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This Fact Sheet may be freely downloaded, copied or distributed on condition no change is made to the content. The information in this Fact Sheet is not intended as a substitute for professional medical advice, diagnosis or treatment. Updated November 2012.

POSITIVE PSYCHOLOGY
Csikszentmihalyi says work and family life can provide important opportunities for flow. When people were in flow, either at work or in leisure, they reported a much more positive experience. When challenges and skills were both high, people felt happier, more cheerful, stronger and more active. They concentrated more, felt more creative and satisfied. 3. Finding meaning

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Keep a gratitude diary: Take the time each day to write down three things that went well and why. This causes psychological well-being levels to increase in a lasting way. Thank a mentor: Write a letter of thanks to someone to whom you owe a debt of gratitude such as a teacher or grandparent. Then visit the person and read the letter to them. People who do this are measurably happier for more than a month. Learn to forgive: Let go of anger and resentment by writing a letter of forgiveness to a person who has wronged you. Inability to forgive is associated with persistent rumination. Weigh up your life: Take time out occasionally to consider how you are going in the major facets of your life such as family, work, finances, health and play. Reflect on the progress you are making in working towards your major life goals. Make changes in your life to match your priorities. Perform small acts of kindness: Performing five kind acts a week, especially all in one day, creates a measurable boost to levels of psychological well-being. Giving not only makes you feel good about yourself, it enhances your connection with others and can bring you positive feedback from others. These and other strategies are detailed in Martin Seligmans book Authentic Happiness: Using the New Positive Psychology to Realize Your Potential for Lasting Fulfillment. Where to get more information: Positive Psychology Lyubomirsky, S (2008). The How of Happiness: A Scientific Approach to Getting the Life You Want. Penguin Putnam Seligman, M E P (2011). Flourish: A New Understanding of Happiness and Wellbeing. Nicholas Brealey Publishing Flow Csikzentmihalyi M (1991). Flow: The Psychology of Optimal Experience. Harper Perennial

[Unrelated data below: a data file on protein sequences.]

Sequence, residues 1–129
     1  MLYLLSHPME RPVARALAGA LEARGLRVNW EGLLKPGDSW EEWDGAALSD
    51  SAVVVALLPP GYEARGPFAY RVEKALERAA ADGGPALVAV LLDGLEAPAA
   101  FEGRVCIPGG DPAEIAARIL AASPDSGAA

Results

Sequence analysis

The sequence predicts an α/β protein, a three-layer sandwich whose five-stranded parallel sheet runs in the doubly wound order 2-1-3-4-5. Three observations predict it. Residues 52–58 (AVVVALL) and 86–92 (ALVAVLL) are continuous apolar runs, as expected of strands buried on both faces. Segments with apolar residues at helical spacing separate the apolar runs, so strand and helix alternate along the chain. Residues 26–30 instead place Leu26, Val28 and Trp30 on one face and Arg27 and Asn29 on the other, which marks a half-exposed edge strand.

This Fact Sheet may be freely downloaded, copied or distributed on condition no change is made to the content. The information in this Fact Sheet is not intended as a substitute for professional medical advice, diagnosis or treatment. Updated November 2012.

POSITIVE PSYCHOLOGY
Csikzentmihalyi M (1997). Finding Flow: The Psychology of Engagement with Everyday Life. Basic Books

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Altruism Post S, Neimark J (2007). Why Good Things Happen to Good People. Broadway Gratitude Emmons R (2007). Thanks!: How the New Science of Gratitude Can Make You Happier. Houghton Mifflin Positive Psychology Academic resources Bryant F B, Veroff J (2006). Savoring: A New Model of Positive Experience. Lawrence Erlbaum Associates Gable S L, Haidt J (2005). What (and Why) Is Positive Psychology. Review of General Psychology, Vol. 9: 103-110 Kahneman D, Diener E, Schwarz (eds) (2003). Well-Being: The Foundations of Hedonic Psychology. Russell Sage Foundation Publications Keyes C L M, Haidt J (eds) (2003). Flourishing: Positive Psychology and the Life Well-Lived. American Psychological Association Petersen C (2004) Character Strengths and Virtues: A Handbook and Classification. Oxford University Press Petersen C (2006). A Primer in Positive Psychology. Oxford University Press Snyder C R (2005) Handbook of Positive Psychology. Oxford University Press The Journal of Positive Psychology. Published by Routledge Useful Websites Centre for Confidence and Well-being, Scotland. www.centreforconfidence. co.uk Positive Psychology Institute, Sydney. www.positivepsychologyinstitute.com.au The University of Pennsylvania, Positive Psychology Centre. www.ppc.sas.upenn. edu Time Magazine article: The New Science of Happiness. Jan 2005. www.time.com/ time/2005/happiness Six Part BBC Series: The Science of Happiness. April 2006. http://news.bbc. co.uk/2/hi/programmes/happiness_formula Black Dog Institute Hospital Road, Prince of Wales Hospital, Randwick NSW 2031 (02) 9382 4530 / (02) 9382 4523 www.blackdoginstitute.org.au Email: blackdog@blackdog.org.au
This Fact Sheet may be freely downloaded, copied or distributed on condition no change is made to the content. The information in this Fact Sheet is not intended as a substitute for professional medical advice, diagnosis or treatment. Updated November 2012.